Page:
Enterprise agile – versus team-level agile – requires a different organizational mindset along with new roles and practices.  There are several enterprise agile frameworks available (Scrum, SAFe, LeSS and XP) that can provide a blueprint for development activities, but switching to these frameworks isn’t the biggest challenge.  Enterprise agile is a radical change from how most organizations think about their product development work.

As a consultant who helps firms on their agile transformation journey, it’s clear that agile is now vital to long-term product success.

AgileCraft CEO, Steve Elliott, predicts that those Fortune 1000 companies who have resisted agile transformation will now jump on board. Steve writes that every large enterprise will sooner or later realize “…every company is now a software company…” And I’ll add to Steve’s prediction; those firms who are already on the agile transformation path will experience significant competitive advantage over the laggard adopters.

In 2014, Faisal Hoque wrote in Fast Company (“Adapt or Die, Your Business’s Only Option in an Evolving Economy”) companies require four qualities to effectively respond to market change.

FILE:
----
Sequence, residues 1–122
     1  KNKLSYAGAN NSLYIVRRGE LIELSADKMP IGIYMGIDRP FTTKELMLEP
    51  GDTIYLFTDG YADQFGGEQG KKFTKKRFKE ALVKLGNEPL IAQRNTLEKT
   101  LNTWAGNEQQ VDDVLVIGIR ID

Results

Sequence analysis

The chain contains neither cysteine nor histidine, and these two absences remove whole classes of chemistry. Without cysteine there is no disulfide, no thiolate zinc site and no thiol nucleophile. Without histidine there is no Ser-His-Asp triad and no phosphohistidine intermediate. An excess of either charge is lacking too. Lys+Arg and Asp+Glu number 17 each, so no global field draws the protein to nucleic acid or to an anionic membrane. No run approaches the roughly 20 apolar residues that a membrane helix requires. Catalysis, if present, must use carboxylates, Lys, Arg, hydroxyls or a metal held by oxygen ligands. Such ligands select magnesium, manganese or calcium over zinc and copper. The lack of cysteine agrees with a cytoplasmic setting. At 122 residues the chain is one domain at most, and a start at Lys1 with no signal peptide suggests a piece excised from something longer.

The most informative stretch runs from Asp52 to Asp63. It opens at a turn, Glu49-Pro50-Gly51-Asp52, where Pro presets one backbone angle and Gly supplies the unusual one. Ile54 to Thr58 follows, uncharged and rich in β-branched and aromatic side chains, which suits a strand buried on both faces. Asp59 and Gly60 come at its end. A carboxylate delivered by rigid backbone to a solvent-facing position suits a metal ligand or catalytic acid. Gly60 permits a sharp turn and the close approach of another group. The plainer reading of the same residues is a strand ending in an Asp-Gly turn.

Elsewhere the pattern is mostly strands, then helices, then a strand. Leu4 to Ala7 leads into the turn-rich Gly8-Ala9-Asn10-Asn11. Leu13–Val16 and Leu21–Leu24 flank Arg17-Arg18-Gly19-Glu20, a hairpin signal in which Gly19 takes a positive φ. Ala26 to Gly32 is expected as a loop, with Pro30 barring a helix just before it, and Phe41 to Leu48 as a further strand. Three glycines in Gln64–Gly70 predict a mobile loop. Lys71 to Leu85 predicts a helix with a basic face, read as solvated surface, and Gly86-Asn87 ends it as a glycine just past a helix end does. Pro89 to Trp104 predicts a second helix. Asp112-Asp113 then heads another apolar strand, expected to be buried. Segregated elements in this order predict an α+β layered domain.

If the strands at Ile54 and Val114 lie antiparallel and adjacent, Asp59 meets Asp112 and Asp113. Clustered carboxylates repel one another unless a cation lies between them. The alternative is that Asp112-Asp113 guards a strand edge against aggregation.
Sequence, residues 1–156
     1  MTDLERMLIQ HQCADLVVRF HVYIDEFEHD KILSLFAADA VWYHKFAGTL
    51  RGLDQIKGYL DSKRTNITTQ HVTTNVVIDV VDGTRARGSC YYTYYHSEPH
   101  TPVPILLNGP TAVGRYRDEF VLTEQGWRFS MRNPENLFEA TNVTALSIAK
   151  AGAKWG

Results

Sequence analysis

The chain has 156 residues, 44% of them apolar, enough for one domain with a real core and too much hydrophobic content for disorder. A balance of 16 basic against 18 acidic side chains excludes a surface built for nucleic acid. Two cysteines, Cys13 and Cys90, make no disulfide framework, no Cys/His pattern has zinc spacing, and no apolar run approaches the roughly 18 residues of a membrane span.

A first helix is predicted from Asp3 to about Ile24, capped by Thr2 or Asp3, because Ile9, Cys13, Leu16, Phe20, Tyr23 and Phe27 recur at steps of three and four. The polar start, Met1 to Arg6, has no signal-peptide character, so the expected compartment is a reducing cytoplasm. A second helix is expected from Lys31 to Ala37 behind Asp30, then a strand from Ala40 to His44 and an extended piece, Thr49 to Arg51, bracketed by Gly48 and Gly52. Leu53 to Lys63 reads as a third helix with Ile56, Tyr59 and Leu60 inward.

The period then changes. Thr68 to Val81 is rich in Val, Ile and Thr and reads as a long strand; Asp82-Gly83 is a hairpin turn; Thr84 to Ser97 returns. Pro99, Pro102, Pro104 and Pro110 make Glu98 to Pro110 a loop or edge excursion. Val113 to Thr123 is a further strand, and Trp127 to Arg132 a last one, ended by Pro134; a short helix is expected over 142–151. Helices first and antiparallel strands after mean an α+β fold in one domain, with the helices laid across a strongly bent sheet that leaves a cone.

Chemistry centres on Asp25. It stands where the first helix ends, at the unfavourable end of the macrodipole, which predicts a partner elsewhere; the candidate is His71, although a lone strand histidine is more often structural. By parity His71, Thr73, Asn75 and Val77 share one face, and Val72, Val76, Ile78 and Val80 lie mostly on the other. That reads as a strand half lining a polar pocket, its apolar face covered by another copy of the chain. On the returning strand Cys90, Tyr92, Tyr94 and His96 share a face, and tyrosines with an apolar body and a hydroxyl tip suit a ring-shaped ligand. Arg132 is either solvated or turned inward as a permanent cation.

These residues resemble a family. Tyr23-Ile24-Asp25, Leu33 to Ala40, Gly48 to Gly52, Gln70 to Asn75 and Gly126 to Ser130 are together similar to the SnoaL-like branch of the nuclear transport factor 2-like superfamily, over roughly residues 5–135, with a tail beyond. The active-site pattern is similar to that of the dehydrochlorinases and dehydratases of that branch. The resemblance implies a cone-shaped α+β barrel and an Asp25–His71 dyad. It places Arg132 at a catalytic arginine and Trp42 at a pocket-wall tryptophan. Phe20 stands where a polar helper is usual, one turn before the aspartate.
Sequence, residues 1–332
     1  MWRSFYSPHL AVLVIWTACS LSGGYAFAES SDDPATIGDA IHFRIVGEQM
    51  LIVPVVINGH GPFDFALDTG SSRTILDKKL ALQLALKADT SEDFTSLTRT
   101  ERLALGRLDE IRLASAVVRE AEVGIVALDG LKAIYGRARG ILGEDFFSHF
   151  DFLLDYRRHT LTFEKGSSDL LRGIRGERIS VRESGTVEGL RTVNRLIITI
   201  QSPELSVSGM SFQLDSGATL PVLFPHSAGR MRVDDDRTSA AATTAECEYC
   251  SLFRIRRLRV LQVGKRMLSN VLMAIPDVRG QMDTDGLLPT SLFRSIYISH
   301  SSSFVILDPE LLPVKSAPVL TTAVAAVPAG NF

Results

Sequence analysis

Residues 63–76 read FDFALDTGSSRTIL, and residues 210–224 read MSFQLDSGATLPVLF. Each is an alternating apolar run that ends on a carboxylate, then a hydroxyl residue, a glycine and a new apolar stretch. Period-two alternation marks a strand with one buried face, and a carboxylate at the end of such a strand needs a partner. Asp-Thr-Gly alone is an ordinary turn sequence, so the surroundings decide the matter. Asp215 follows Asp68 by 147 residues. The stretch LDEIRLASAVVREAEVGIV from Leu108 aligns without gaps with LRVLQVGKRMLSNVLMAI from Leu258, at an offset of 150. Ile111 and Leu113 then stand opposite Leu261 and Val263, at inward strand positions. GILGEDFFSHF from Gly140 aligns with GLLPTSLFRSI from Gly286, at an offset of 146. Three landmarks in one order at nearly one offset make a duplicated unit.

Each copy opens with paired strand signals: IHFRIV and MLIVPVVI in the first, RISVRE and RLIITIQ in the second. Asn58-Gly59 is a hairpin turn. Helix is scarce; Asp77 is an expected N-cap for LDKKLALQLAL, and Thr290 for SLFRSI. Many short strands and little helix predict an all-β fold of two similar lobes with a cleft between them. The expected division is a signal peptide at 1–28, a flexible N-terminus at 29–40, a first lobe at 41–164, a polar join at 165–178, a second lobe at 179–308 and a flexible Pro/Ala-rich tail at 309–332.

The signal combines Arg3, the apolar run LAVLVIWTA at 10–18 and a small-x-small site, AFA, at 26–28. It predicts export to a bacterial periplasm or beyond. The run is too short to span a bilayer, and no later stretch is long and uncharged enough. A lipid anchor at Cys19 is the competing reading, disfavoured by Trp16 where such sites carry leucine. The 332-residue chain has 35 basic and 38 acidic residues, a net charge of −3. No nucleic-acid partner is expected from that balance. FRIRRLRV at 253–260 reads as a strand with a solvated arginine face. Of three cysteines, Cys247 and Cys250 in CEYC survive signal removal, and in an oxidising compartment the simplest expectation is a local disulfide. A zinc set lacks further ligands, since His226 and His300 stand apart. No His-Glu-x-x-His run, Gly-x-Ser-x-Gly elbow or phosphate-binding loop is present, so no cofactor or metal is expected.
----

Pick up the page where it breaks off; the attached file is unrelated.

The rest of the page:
1. RESILIENCEAble to bounce back from setbacks.

2. INNOVATIONAble to develop new products that advance beyond the competition.

3. AGILITYAble to act nimbly to seize opportunities faster than the competition.

4. ADAPTABILITYAble to sustain innovation through repeatable processes versus happenstance.

Today’s business economy is fast and dynamic and the principal challenge facing management is the ability to quickly respond to changing market conditions. Companies that are adaptable, agile and resilient will be best equipped to experience sustained success.

Most technology companies won’t survive the next decade. Research shows that those with the highest frequency of new products deployed have a much better chance. Using agile techniques, along with continuous integration / delivery, provide the greatest chance of long-term success as compared to traditional SDLC approaches.

Product innovation excellence can’t be purchased — it’s created from three areas of development focus; 1) an adaptable organizational culture, 2) use of an agile framework and, 3) a product research program that provides higher reward development opportunities.

All three focus areas are needed, and an agile framework is good place to start.